It’s refreshing to hear an apology

 

                 After thirteen years of mistakes and economic disaster, it is refreshing to hear a Minister say “Sorry” when he or she has presided over a mistake. It is also reassuring  that the mistakes have not been on the scale of the Boom/Bust errors of Labour.

                 One apology may be endearing. A couple may be welcome. When  they come thick and fast more people say they would prefer Ministers avoid the mistakes in the first place than parade their apologies on the media.

                So what has gone wrong? Why have Caroline Spelman, Michael Gove, Liam Fox and William Hague all had to say sorry in the last few weeks?

              Each case is different. Caroline Spelman put her name to a set of proposals for the forests which the whole Cabinet approved. She then discovered that the opponents put round a verison of her scheme which was unpopular  before she mobilised support. She apologised for misreading the mood of the electorate, and admitted her own misjudgement. It was clearly a Ministerial mistake which her colleagues failed to see in advance or to help her avoid.

               At the other end of the spectrum, Liam Fox apologised when officials sent emails to fire members of the armed services. I am quite sure Liam himself did not ask for the redundancies to be made like that, and he was clearly very unhappy on learning what had happened. He had to apologise for other peoples’ insensitive errors. If you wish to sustain any criticism of the Minister you have to suggest he should have watched over a level of detail in implementation that no Minister would normally get involved in or have reason to suppose the implementation  would miscarry. You could also query the policy decision to sack soldiers still on active service as a general issue, but that is a different matter.

              We are not yet sure why the Foreign office was slow to get transport into Libya to pick up UK citizens. Was the Minister himself slow to act and decide, or did officials fail to organise transport in a  timely way though this had been requested? Given the sensitivity and the media interest, should the Minister have been more active in following up the policy decision?

            Michael Gove had to apologise for failing to consult enough people when he replaced the Schools for the Future programme with investments in school buildings which he thinks will offer better value to taxpayers. We do not know if he was advised to slow down and consult more widely, or if he was let down by the advice. The Judge did find that he was entitled to make the decision he made, but criticised the process. The case had been brought by some angry Labour authorities who saw scope for challenge.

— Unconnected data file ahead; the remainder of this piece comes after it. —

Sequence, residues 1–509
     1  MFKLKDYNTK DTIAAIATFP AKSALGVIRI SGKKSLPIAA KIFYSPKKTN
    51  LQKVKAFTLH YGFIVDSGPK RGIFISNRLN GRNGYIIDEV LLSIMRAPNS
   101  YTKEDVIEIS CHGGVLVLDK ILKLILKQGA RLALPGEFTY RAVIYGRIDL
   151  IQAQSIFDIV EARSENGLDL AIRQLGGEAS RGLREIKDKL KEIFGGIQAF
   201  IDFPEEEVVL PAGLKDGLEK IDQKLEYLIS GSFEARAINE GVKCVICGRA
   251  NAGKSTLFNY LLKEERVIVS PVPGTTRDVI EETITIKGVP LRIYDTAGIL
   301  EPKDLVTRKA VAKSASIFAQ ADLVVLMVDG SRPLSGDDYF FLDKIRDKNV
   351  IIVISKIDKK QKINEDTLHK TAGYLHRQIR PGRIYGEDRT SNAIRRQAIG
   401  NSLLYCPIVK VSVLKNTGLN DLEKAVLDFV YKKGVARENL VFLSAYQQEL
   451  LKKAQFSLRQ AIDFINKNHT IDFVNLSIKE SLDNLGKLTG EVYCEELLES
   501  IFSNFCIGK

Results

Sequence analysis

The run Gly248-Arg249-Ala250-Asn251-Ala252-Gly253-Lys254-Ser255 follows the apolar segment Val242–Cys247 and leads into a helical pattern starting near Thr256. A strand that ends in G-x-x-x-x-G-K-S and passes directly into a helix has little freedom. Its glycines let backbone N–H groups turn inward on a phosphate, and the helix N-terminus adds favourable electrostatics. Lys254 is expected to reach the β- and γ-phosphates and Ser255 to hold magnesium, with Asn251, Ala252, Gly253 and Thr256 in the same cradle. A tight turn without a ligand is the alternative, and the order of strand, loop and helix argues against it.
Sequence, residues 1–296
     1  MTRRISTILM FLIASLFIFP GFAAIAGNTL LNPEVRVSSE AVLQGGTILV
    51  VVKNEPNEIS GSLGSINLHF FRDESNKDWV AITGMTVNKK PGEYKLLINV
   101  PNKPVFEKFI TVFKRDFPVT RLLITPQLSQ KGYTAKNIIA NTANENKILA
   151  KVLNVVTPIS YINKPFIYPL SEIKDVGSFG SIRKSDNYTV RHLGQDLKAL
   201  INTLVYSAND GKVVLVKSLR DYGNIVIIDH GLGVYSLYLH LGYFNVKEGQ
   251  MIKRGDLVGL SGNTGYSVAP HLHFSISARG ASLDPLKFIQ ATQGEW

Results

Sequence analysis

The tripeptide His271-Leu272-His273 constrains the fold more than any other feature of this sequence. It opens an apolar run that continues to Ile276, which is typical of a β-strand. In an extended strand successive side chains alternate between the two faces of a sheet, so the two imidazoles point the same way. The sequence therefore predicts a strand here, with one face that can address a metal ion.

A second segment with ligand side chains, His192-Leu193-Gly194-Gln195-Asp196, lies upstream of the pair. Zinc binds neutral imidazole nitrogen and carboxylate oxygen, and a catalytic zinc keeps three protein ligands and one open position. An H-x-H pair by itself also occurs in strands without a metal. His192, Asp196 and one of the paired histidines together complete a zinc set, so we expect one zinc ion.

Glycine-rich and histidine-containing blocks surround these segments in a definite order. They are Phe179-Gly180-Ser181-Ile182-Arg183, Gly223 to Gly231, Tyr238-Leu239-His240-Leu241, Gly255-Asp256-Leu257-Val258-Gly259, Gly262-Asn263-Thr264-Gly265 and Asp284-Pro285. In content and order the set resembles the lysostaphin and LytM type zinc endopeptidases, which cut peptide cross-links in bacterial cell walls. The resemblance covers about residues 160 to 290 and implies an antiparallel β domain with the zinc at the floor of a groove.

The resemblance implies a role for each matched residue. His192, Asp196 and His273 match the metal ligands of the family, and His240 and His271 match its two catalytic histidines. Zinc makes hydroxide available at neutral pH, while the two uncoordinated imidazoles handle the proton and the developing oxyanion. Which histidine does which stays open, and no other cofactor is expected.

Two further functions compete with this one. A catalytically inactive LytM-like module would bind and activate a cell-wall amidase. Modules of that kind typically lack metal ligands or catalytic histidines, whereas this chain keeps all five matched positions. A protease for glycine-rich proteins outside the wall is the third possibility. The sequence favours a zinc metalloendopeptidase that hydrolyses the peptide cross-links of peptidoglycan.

Each one was different. The only common current is they each illustrate the need for Ministers to involve themselves in the detail as well as the  main decision. A good decision, like finding a cheaper way of building new schools, can generate  ill will if you do not follow due process, and if you do not get out the message that the aim is not the end of all school building, but more school building for the money.

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32 Comments

  1. Posted February 28, 2011 at 6:47 am | Permalink

    This rate of political apology suggests that the reason we have not seen the necessary cuts is that the Government is too keen to avoid being unpopular

    They are not prepared to do anything that somebody can object to, no matter how vital it is.

    • Posted February 28, 2011 at 6:56 pm | Permalink

      This government is a shame as all coalition governments are everywhere all over the world.

      In the fifties France was very weak ad ad two or three governments a year, as it had only coalition governments.

      When France with the Fifth Republic adopted the first past the post they immediately obtained durable and strong governments.

  2. Posted February 28, 2011 at 7:00 am | Permalink

    It’s good to see that the detoxification of the brand is continuing now you are in government. Every time an unpopular decision has to be made it’s nice to know that Ministers will be falling over themselves to apologise for it.

    So much more civilised than governing according to a set of principles.

  3. Posted February 28, 2011 at 7:08 am | Permalink